Personal well-being in the UK: local authority update, 2015 to 2016

Estimates of personal well-being for UK local authorities from the financial year ending 2012 to financial year ending 2016.

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Email Eleanor Rees

Release date:
27 September 2016

Next release:
To be announced

1. Main points

This publication presents estimates of personal well-being for UK local authorities over the last 5 years.

For the first time we have published interactive tools which allow you to explore how personal well-being has changed in your area over the 5 year period, to compare multiple areas at once and to compare your local area to the UK overall.

It follows the publication of headline personal well-being estimates for the UK, in July of this year.

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2. Statistician’s quote

We have seen personal well-being improving on a UK-wide basis over the past five years. But today's data paints a richer picture, enabling people to explore what's been happening in their local area. This will help individuals, communities and local authorities to look at well-being locally alongside other traditional measures of progress.

Dawn Snape, Quality of Life, Office for National Statistics

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3. Background information

After extensive public consultation, we identified 10 aspects of life (or domains) that people said mattered to their well-being. These include: personal well-being, our relationships, our health, the economy, and the environment. The National Well-being measures report on indicators for all of these and have done since 2012. They are updated every 6 months with the latest picture across the UK.

When collected over time, personal well-being data can provide an indication of how the well-being of a nation is changing. Since 2011, we have asked personal well-being questions to adults in the UK, to better understand how they feel about their lives. The personal well-being questions are a part of the wider Measuring National Well-being programme, which aims to look beyond gross domestic product (GDP) at what matters most to people in the UK.

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4. Things you need to know

The 4 personal well-being questions are:

  • overall, how satisfied are you with your life nowadays?
  • overall, to what extent do you feel the things you do in your life are worthwhile?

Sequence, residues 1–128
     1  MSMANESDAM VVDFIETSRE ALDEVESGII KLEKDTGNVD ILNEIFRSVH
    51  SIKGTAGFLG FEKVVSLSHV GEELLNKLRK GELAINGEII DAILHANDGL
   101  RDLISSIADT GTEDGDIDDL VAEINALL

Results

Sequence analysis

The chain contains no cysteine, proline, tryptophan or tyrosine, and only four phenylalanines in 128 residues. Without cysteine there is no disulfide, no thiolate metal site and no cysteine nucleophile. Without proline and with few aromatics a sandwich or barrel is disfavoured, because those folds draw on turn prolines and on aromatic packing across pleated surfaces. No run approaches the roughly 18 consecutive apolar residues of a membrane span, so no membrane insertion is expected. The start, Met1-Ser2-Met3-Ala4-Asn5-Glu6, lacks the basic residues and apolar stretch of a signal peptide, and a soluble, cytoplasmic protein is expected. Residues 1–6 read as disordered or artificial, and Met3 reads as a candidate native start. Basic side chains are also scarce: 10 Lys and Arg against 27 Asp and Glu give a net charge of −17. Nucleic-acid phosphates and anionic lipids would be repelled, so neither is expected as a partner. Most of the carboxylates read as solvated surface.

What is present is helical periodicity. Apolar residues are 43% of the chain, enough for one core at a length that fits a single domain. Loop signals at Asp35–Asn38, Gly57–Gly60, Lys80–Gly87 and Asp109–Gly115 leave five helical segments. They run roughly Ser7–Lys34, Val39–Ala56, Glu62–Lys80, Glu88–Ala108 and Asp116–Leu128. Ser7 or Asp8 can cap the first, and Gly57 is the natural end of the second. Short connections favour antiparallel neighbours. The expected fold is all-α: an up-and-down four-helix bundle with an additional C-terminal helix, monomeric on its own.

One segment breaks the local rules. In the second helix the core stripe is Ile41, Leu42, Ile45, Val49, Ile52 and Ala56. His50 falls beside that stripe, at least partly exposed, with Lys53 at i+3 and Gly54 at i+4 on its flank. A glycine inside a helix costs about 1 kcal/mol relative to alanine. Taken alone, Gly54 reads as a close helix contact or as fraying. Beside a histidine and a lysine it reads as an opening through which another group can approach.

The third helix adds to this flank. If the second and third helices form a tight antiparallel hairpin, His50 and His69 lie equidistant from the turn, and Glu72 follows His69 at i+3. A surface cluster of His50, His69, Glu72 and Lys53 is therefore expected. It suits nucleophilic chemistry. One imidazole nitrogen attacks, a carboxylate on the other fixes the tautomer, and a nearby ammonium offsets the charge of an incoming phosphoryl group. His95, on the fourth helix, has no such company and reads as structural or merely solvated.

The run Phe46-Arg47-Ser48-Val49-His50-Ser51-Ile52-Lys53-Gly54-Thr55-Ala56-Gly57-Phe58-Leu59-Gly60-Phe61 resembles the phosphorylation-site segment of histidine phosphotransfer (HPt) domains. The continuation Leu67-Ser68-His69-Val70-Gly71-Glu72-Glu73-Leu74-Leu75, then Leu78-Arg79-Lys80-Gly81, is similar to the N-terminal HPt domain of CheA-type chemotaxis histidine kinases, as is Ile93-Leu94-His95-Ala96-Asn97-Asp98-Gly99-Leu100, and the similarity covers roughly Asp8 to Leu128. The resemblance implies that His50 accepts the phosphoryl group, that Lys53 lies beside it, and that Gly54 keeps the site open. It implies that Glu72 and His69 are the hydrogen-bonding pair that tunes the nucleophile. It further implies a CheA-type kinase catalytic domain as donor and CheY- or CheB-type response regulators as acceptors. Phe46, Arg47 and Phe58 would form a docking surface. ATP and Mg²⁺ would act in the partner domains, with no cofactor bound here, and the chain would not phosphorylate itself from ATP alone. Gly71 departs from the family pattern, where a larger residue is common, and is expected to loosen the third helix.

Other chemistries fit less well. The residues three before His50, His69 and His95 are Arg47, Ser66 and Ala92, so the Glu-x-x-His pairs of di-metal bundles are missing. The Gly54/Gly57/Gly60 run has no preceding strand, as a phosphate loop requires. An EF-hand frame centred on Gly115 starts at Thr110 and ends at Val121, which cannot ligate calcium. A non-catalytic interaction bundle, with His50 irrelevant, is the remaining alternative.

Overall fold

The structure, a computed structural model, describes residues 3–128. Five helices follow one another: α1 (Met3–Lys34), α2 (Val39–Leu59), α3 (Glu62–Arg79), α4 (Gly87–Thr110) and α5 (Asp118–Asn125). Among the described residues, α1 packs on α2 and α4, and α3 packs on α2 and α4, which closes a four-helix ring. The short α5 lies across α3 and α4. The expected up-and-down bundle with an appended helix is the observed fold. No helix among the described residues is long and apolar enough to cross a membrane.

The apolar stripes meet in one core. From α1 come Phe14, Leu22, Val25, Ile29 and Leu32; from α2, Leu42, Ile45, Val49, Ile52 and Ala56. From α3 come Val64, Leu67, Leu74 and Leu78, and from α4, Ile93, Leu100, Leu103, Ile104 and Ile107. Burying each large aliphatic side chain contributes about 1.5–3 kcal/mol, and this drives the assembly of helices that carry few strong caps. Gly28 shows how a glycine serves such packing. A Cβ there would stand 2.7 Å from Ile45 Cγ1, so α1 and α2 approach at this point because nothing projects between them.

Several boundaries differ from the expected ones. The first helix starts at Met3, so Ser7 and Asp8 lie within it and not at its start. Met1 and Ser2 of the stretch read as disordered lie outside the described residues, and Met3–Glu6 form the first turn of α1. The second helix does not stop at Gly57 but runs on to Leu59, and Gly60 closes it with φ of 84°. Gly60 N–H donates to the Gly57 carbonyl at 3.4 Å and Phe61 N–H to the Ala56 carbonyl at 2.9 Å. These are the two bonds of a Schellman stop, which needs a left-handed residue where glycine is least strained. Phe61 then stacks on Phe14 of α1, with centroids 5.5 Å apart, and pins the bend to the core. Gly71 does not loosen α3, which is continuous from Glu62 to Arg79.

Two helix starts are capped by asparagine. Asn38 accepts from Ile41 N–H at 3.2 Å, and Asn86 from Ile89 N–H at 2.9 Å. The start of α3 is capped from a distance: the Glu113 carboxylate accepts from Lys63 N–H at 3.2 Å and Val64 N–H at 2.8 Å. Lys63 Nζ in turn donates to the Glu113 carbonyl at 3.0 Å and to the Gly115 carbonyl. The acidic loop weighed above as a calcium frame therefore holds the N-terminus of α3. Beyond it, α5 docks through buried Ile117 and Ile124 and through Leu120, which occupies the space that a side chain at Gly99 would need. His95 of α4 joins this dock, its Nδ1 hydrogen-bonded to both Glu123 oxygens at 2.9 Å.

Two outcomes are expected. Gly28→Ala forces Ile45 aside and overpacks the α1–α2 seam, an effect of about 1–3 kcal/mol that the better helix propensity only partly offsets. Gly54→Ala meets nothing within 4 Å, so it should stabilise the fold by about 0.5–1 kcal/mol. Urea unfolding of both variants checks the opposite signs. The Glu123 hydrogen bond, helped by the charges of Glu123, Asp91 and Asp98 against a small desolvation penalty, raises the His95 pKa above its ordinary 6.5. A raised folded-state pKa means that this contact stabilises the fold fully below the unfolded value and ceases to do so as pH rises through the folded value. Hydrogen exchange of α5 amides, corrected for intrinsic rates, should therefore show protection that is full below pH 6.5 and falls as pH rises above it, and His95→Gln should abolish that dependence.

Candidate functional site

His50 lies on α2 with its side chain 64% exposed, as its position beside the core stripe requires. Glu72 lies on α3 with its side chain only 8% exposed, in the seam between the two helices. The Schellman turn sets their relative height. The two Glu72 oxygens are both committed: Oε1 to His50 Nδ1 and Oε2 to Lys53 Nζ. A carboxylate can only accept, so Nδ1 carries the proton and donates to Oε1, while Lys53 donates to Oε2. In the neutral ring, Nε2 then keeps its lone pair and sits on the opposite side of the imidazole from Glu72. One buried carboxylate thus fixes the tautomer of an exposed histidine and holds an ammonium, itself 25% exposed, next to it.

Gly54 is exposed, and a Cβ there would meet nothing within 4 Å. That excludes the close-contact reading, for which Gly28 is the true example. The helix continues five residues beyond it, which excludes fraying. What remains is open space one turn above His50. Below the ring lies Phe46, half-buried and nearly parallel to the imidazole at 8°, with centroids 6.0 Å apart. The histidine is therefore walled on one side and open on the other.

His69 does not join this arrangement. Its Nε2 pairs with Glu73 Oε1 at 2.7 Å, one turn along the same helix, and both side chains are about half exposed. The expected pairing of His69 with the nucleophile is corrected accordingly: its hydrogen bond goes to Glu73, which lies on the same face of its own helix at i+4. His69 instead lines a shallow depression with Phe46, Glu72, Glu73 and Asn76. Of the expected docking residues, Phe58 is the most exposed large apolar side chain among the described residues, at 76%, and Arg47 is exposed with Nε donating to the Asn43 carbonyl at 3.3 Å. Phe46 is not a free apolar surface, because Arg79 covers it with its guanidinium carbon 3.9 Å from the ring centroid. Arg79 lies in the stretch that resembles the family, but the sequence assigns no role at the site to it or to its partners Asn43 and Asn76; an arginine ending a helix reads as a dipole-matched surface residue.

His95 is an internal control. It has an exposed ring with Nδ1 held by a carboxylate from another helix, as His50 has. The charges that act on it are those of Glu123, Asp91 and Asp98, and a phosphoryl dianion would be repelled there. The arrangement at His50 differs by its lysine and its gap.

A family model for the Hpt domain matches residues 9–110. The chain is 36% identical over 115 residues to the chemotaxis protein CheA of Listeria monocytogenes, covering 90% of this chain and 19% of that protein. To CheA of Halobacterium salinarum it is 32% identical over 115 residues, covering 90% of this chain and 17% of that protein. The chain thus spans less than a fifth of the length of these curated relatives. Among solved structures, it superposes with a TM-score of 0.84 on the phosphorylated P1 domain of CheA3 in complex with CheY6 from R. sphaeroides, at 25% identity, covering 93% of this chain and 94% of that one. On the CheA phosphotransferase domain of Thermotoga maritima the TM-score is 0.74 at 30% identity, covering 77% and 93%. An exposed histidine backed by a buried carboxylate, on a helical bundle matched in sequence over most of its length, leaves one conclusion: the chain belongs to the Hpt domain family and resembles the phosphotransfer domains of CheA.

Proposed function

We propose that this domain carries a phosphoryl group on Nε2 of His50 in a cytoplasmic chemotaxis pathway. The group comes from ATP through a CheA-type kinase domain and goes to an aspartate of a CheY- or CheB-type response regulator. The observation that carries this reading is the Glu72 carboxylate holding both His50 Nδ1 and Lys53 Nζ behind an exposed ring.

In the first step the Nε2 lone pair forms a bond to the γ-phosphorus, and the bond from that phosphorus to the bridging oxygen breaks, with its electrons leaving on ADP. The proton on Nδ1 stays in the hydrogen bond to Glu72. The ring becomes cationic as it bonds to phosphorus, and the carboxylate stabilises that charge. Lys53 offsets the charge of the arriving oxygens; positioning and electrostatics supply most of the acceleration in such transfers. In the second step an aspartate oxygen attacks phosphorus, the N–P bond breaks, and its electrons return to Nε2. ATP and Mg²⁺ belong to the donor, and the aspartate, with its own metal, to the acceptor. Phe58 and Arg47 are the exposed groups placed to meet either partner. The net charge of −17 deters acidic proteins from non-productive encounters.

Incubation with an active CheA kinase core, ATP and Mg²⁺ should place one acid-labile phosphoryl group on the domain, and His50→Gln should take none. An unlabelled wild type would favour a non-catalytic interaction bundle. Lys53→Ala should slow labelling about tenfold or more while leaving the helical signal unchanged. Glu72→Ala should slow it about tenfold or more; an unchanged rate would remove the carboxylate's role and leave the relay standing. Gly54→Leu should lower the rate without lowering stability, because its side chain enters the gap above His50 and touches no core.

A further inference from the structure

• overall, how happy did you feel yesterday?
  • overall, how anxious did you feel yesterday?

People are asked to respond on a scale of 0 to 10, where 0 is “not at all” and 10 is “completely”.

Every year since 2011, a large sample of UK adults aged 16 and over has answered these questions. We produce estimates of the mean ratings for all 4 personal well-being questions, as well as their distributions, using the thresholds that can be found in background note 1.

Previous research has shown health, relationships and employment are all factors that matter to personal well-being, however it is also important to consider each area's local circumstances, when looking at the well-being of local authorities.

Personal well-being data will now be included within the main Annual Population Survey (APS) dataset rather than released as a separate dataset. As a result of this, it has been necessary to revise the personal well-being series. For more information see Impact of transition to Annual Population Survey dataset.

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5. How do people rate their personal well-being in your area?

Personal Well-being Explorer, financial years ending 2012 to 2016

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  1. Comparisons between areas should be done so with caution as these estimates are provided from a sample survey. Confidence intervals should be taken into account when assessing differences.

Personal Well-being Interactive Maps, financial years ending 2012 to 2016

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  1. Comparisons between areas should be done so with caution as these estimates are provided from a sample survey. Confidence intervals should be taken into account when assessing differences.
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7. Quality and methodology

The Personal Well-being in the UK Quality and Methodology Information document contains important information on:

  • the strengths and limitations of the data
  • the quality of the output: including the accuracy of the data, how it compares with related data
  • uses and users
  • how the output was created
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.Background notes

  1. Labelling of thresholds

  2. The UK Statistics Authority has designated these statistics as National Statistics, in accordance with the Statistics and Registration Service Act 2007 and signifying compliance with the Code of Practice for Official Statistics.

    Designation can be broadly interpreted to mean that the statistics:

    • meet identified user needs
    • are well explained and readily accessible
    • are produced according to sound methods
    • are managed impartially and objectively in the public interest

Once statistics have been designated as National Statistics it is a statutory requirement that the Code of Practice shall continue to be observed.

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Contact details for this Statistical bulletin

Eleanor Rees
Telephone: +44 (0)1633 651631